Ever since I learnt all about infectious/communicable diseases and the control of outbreaks during my route to qualifying as an EHP, I realised the importance of the work involved and the profound impacts that they have on society as a whole.

During the Covid-19 pandemic, I have watched closely the approach taken by many countries to control the outbreaks, in particular those countries trying to keep economies running whilst letting the virus rip through their populations; essentially going through lockdown-release cycles, and perpetuating many health and economic harms caused by the virus and lockdowns.

In the absence of pharmaceutical interventions, such as vaccines, it is difficult to see how countries around the world can really get on top of this virus unless they adopt a Zero Covid strategy; this does not have to mean ‘zero’ cases of Covid-19 within borders. However, it does mean suppressing the virus to very low (manageable) case numbers through the rigorous use of other non-pharmaceutical interventions, i.e. traditional outbreak control measures, and keeping them consistently low.

A country that allows the virus to continue to spread will mean that there are very large numbers of people who have to self-isolate. Self-isolation brings with it other problems in terms of sickness absence from work and the financial problems this causes. And it is already known that many with symptoms do not self-isolate, thus increasing the risk of further spread.

Chris Turner

Aside from reducing the risk of health services being once again overwhelmed with Covid-19 patients, countries who adopt Zero Covid or maximum suppression strategies will find that their health systems won’t be overwhelmed by a second epidemic in the future, or over the longer term, by high numbers of people presenting with Long Covid symptoms. Indeed, recently, the ONS estimated 1.1 million people currently have Long Covid in the UK, so all of these people have ongoing health issues caused by the virus, which will place a significant strain on our health service now and into the future.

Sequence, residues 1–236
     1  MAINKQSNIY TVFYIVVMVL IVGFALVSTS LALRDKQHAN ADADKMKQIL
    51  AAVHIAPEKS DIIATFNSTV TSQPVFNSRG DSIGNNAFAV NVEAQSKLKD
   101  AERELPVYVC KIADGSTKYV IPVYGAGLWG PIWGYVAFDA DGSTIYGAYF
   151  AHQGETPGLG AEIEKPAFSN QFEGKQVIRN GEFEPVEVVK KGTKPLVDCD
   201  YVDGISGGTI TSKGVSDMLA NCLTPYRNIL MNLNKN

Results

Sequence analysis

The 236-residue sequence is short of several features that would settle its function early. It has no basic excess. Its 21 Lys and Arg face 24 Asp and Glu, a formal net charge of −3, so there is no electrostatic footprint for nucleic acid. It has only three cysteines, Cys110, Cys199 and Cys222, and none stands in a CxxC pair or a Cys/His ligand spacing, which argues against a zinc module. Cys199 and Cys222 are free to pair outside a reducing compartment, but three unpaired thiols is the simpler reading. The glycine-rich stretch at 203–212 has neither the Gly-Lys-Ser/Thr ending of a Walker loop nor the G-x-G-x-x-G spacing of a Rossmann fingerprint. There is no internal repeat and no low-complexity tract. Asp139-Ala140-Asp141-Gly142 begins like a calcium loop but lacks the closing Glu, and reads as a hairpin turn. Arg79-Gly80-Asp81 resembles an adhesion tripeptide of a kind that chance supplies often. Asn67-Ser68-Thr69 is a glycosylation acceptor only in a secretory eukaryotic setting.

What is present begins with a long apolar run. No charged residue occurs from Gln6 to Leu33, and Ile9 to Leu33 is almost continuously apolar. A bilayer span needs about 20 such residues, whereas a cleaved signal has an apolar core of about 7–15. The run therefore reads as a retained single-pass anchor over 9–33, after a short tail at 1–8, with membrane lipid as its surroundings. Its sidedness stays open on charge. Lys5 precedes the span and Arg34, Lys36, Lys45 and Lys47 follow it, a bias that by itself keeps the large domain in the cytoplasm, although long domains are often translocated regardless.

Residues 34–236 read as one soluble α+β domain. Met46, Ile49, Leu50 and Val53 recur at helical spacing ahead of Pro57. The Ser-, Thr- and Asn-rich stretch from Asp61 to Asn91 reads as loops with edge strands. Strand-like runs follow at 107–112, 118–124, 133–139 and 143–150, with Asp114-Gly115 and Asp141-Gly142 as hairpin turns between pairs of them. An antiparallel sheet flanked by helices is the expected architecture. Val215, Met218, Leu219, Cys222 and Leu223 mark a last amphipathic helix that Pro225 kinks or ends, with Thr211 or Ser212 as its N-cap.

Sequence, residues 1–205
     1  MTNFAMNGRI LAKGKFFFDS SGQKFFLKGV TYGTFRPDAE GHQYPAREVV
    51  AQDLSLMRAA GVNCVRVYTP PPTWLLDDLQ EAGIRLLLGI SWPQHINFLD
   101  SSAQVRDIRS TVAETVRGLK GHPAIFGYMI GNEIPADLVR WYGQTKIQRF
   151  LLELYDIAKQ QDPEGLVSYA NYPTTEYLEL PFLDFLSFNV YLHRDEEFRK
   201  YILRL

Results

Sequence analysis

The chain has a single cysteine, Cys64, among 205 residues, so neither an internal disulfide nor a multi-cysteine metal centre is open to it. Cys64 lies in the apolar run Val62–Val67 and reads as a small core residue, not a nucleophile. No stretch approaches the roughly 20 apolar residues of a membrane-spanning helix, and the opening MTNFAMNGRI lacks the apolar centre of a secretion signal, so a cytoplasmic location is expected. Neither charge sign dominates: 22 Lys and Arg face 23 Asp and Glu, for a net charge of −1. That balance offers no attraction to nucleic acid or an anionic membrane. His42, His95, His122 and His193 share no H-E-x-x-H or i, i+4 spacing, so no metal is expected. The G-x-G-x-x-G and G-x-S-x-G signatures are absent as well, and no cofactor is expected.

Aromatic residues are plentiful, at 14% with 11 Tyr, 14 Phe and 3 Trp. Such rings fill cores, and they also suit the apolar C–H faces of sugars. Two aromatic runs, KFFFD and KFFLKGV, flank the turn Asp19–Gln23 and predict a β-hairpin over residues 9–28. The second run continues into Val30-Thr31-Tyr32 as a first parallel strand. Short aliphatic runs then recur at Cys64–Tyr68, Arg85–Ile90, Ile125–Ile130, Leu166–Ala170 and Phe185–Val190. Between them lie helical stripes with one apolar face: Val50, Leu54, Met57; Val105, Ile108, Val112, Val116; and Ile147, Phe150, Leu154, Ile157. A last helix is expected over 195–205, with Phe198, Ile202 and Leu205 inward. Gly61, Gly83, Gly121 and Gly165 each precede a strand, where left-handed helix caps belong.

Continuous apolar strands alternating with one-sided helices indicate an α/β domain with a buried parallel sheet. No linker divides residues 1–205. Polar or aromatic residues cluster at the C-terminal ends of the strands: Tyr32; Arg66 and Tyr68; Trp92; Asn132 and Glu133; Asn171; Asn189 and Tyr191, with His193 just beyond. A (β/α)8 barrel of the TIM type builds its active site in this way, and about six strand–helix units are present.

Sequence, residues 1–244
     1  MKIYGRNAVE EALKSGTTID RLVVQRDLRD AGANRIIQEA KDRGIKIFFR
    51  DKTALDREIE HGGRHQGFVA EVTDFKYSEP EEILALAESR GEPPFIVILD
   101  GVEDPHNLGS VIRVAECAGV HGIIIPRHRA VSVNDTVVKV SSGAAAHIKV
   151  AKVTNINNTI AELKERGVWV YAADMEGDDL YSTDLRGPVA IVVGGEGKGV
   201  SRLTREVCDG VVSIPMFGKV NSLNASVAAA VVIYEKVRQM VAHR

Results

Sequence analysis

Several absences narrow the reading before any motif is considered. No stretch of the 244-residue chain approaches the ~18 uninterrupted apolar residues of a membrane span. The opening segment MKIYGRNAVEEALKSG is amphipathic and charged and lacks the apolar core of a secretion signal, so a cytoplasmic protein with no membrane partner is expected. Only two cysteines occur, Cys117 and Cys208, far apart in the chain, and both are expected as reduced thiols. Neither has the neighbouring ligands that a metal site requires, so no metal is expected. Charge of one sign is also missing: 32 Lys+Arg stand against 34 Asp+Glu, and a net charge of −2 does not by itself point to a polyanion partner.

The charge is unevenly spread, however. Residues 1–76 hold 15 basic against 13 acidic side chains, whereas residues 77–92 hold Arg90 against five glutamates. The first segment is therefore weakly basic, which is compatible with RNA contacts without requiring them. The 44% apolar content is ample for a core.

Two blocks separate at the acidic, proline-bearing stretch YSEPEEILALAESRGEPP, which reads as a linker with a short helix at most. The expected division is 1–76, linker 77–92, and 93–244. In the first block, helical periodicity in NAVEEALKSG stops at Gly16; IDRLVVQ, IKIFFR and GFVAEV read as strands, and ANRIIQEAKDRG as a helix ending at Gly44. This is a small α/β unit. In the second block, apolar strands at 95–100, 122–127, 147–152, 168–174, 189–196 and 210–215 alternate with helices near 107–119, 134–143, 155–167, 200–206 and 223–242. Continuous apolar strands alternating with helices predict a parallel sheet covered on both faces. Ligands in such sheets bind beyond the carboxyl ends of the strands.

Zero Covid will also reduce the risk of further lockdowns. Lockdowns cause significant health and economic problems, from increased mental health issues to the shutdown of the economy and public unrest, and all of the social problems these cause. Significantly, regularly having to shut down education is storing up a generation of problems in the future. The health and wellbeing of children is paramount and we must remember that it is this generation we shall be relying upon to look after us when we get older.

Maximum suppression of the virus and targeting Zero Covid will also help preserve vaccination programmes and reduce the ongoing risks of emerging variants, which could reduce the efficacy of the vaccines and potentially lead to further, more sustained spikes, in infections. Indeed, a vaccine-centred containment strategy is risky without maintaining all of the other containment measures. And it is important to note that we are not safe until the whole world is safe. Unless the world unites and adopts aggressive, maximum suppression/Zero Covid strategies, we will be in for regular waves of this virus, even with a vaccine; it is crucial that science and vaccines are one step ahead of the variants so that the world can finally get on top of this pandemic.

Finally, it is important to also say that a Zero Covid/maximum suppression strategy must be accompanied by strict border controls to help preserve the benefits of any lockdown. Two reasons why this virus spread so quickly are due to extensive global travel and ‘porous’ borders, allowing the virus to seed in countries all across the world and to transmit rapidly within populations through social contact. Even if a six-week lockdown eliminates coronavirus transmission, the absence of strict, enforced quarantine requirements for all incoming travellers means cases will be imported from neighbouring regions/countries, and if the ‘R’ rate exceeds 1, cases will again grow exponentially in the absence of ongoing restrictive non-pharmaceutical interventions.

In summary, the benefits of a Zero Covid strategy far outweigh those of a non-Zero Covid strategy. The trade-off is where countries have lives and economies very much back to normal within their own borders, but limited travel abroad (with very strict quarantine requirements where only essential travel is permitted). In contrast, the alternative is to continue to yo-yo between lockdowns (or some form of ongoing restrictions on our lives) and the partial reopening of the economy. A Zero Covid strategy is orders of magnitude less costly, and the evidence for this is clear. Let’s just take a moment and look to East Asia for proof of this, and reflect on where the world could be with positivity and ambition to follow suit.